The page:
Socialist Alliance candidate for Keira
Wednesday, February 16, 2011
Socialist Alliance candidates and women’s rights campaigners Pip Hinman (Marrickville) and Paola Harvey (Keira) described Keneally's position as 'cruel' and 'out of touch'.
'The fact that abortion remains on the Crimes Act means that anyone who has an abortion or assists a woman with one, can be jailed for up to 10 years.
'The possibility of imprisonment is ridiculous, but very real. Last year in Cairns, Queensland, where abortion is also still illegal, a women and her partner were charged with intent to procure an abortion because they purchased RU486 from overseas. They were eventually found not guilty - but only after having been put through a very traumatic experience.'
Ms Harvey said: 'The ALP has always told women that we should rely on a liberal interpretation of the law by the courts. But this is not enough, as the 2006 case with Dr Suman Sood showed. In a very complex case, Dr Sood was convicted for assisting an abortion.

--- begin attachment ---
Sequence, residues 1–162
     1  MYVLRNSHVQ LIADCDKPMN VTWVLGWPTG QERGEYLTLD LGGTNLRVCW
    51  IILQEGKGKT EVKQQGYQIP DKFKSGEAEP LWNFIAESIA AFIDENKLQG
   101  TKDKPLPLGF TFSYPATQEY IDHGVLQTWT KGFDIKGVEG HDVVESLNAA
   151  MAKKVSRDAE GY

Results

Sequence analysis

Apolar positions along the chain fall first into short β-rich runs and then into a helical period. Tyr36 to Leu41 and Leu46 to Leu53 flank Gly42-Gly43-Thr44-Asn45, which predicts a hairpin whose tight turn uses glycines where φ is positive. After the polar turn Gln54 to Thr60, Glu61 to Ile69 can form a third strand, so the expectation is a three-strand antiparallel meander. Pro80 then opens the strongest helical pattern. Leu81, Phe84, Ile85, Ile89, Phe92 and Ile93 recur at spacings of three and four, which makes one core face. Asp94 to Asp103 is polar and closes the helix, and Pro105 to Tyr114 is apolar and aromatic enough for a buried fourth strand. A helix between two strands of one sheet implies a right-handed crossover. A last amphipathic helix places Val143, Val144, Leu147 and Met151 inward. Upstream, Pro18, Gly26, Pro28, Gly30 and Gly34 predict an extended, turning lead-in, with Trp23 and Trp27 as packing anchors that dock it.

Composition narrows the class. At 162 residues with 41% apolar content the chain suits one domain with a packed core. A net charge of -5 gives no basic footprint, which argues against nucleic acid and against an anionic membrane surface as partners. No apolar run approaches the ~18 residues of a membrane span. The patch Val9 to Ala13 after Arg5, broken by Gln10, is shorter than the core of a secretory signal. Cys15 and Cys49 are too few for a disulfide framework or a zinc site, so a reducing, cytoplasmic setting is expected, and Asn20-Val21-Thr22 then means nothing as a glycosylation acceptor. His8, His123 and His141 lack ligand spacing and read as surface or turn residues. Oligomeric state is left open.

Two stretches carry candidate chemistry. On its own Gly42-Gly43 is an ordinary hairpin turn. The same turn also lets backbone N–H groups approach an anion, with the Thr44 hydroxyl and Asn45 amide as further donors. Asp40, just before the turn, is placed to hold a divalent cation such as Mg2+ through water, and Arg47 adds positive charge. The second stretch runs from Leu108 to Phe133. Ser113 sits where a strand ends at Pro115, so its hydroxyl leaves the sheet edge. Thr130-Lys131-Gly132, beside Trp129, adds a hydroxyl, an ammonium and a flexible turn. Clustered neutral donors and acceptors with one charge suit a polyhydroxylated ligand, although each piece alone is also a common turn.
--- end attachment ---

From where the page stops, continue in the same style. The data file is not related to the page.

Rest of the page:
'Opponents of women's right to choose abortion say that such a move would cause the number of abortions to skyrocket. Yet, the evidence from other states that have decriminised abortion doesn't support this.
'Women will continue to have abortions regardless of the law. They need to be safe and free from the possibility of prosecution.
'For at least a decade, surveys have repeatedly shown that the majorities in Australia support abortion rights.'
Ms Hinman said: 'Socialist Alliance campaigns for women's right to choose.
'The decision about whether or not to have an abortion has to be made by the woman concerned, in consultation with whomever she wishes," she said. "The state has no right to interfere,' she concluded.
Monday, February 14, 2011